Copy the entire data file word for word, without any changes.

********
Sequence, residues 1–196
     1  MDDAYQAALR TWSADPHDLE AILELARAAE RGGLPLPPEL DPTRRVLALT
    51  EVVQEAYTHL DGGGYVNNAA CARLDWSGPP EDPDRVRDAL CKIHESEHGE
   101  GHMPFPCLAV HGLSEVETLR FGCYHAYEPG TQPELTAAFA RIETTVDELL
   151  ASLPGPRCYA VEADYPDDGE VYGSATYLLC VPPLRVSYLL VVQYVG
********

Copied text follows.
Sequence, residues 1–196
     1  MDDAYQAALR TWSADPHDLE AILELARAAE RGGLPLPPEL DPTRRVLALT
    51  EVVQEAYTHL DGGGYVNNAA CARLDWSGPP EDPDRVRDAL CKIHESEHGE
   101  GHMPFPCLAV HGLSEVETLR FGCYHAYEPG TQPELTAAFA RIETTVDELL
   151  ASLPGPRCYA VEADYPDDGE VYGSATYLLC VPPLRVSYLL VVQYVG